A review of the book by Deborah Moggach.
These Foolish Things was filmed in 2012 as The Best Exotic Marigold Hotel (reviewed here), a title subsequently adopted by later editions of the book.
These Foolish Things is a story about retirement to an old folks home or, as it is described in the book, a private hotel. It’s just that this is not the usual, slightly sterile if comfortable retirement home in England. Oh no, this is in India, to be more precise in Bangalore where we find a disparate group of ex-pat. Brits gathering in the Dunroamin private hotel. They each have their own reasons for being there and together, they learn to live in a different country with its alien culture. This book though is not just about learning to live in another country, it is about learning to live.
Amongst the residents there’s Norman, who likes to think of himself as cock-of-the-walk with the ladies. Evelyn, genteel but on restricted means and Muriel, searching for her son, to name three of the residents.
I’ve saw the film shortly after its release and I read the book a good deal later. When the Daily Telegraph reviewed These Foolish Things. the paper said that it “is classic Moggach: funny, touching and so full of colours and visual details that you feel, after finishing it, as if you’ve already seen the movie”. I can’t help wondering how my reviews might have differed if I’d done it the other way around.
Both the film and the book were excellent and were enjoyable to watch and read, respectively, but other than that there were some big, big differences in the story lines, albeit that the basic theme remained the same. I can’t help wondering what Deborah Moggach first thought of the film and whether, if a few names had been changed, she would still have recognised some of her characters and their back stories, that took them to the retirement hotel in India.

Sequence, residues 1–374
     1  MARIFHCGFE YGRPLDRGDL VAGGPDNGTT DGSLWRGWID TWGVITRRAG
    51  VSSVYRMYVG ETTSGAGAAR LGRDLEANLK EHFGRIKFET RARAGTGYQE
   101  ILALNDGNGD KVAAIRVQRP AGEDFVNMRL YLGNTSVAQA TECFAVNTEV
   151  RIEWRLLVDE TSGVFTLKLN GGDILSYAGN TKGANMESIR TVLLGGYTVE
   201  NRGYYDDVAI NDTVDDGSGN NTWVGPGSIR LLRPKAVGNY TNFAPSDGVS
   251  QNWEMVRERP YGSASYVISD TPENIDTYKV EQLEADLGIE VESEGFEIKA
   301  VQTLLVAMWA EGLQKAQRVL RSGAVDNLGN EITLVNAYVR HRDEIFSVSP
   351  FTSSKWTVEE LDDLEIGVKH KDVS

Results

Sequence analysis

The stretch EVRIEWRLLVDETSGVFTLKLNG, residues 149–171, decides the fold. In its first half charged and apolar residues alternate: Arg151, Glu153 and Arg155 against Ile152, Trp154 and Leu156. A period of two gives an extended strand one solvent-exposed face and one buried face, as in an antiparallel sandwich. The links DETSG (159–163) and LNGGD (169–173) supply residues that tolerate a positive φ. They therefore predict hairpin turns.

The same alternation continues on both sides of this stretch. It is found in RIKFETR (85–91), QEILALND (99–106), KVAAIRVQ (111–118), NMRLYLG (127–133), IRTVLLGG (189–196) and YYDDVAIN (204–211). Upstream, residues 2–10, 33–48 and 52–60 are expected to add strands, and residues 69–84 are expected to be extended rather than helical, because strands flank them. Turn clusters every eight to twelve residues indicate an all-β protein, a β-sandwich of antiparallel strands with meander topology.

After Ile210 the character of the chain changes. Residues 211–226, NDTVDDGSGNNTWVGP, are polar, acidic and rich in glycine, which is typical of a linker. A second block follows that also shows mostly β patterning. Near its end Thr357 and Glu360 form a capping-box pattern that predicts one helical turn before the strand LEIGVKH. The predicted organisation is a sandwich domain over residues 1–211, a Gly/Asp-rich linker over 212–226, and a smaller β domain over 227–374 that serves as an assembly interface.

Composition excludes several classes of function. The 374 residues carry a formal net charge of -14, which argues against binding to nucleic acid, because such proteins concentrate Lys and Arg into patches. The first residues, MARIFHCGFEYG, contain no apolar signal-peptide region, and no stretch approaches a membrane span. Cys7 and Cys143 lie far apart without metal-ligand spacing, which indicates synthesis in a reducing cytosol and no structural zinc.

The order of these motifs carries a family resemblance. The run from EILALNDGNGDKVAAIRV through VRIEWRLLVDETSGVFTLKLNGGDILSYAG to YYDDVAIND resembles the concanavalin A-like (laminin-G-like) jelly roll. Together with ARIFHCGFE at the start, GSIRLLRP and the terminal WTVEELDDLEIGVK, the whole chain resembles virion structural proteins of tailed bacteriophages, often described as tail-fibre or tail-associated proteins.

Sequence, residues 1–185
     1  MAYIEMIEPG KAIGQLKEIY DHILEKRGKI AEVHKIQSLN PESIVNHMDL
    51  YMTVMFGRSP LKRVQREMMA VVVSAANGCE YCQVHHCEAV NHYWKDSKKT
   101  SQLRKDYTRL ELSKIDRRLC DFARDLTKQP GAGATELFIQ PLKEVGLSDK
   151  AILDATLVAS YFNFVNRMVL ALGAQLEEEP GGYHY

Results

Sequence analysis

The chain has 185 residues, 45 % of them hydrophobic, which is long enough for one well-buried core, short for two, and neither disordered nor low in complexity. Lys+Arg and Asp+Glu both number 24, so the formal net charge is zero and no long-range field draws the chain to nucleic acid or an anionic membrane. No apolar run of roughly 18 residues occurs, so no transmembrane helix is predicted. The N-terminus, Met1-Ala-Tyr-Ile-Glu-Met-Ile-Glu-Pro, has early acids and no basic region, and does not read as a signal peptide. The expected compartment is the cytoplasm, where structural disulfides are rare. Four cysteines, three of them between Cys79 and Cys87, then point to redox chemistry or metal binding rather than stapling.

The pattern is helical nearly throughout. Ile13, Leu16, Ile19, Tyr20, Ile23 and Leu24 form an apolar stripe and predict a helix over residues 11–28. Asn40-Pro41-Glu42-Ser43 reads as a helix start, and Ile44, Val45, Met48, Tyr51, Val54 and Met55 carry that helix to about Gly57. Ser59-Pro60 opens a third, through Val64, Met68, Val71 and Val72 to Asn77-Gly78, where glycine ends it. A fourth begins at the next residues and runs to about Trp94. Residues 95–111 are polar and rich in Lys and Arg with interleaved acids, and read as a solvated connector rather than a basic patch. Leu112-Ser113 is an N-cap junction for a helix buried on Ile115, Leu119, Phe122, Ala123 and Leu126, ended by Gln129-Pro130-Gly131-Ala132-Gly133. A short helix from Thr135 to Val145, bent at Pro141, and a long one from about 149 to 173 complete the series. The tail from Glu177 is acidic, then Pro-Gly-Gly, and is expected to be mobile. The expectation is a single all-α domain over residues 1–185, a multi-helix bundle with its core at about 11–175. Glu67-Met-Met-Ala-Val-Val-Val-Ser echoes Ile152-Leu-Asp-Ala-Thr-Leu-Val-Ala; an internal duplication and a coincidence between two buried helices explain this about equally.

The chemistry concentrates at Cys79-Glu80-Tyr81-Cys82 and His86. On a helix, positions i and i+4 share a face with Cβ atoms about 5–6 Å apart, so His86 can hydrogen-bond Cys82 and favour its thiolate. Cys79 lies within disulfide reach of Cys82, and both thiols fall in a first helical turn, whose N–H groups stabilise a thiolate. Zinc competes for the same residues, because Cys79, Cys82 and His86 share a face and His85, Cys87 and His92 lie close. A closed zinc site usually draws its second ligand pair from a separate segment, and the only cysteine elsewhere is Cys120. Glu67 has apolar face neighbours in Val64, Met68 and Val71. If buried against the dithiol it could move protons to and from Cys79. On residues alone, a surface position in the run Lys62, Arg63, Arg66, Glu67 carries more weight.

After reading the book, it is easy to see why an ensemble cast was perfect for the movie. The story (book) begins in England with each of the characters going about their business, leading their separate lives. It is only once they arrive at the Dunroamin private hotel, in Bangalore, that their lives and stories begin to intertwine.
Whilst the majority of Deborah’s characters are believable, I found Norman to be a slightly cliched, dirty old man. His portrayal in the film, by Ronald Pickup, came across more sympathetically as a sad, lonely man trying too hard to compensate.
Moggach is a descriptive writer who manages to give a sense of the location and of the atmosphere in Dunroamin. Whilst the ex-pat’s never quite seem to understand the culture they have come to live in, they become accustomed and in time come to terms with it. In doing so, the challenges they face bring them together with a common bond, first into comrades and friends and then slowly becoming a family. And it’s not just the residents whose lives are changed at Dunroamin, so to are the lives of the owners and staff, in ways they would never have expected.
As someone who has never visited India, I found Deborah’s descriptions of the life and conditions there seemed to echo my impressions of it from other media. She paints a land of colour and contrasts without over romanticising it. From the street beggars to the new office blocks and businessmen in sharp suits to ragged street urchins, desperate for a few rupees. And then of course there is the faded glory of the Raj.
This was a book I found easy to pick up, put down and pick up again and, as easy as it was to put down it would have been hard not to want to finish it. I read the book after seeing the film. If you have not already watched The Best Exotic Marigold Hotel, I would recommend that you read the book first.
“Evelyn’s New Age daughter will discover that a good shag beats hugging
a guru any day.”— Helen Falconer, book reviewer for The Guardian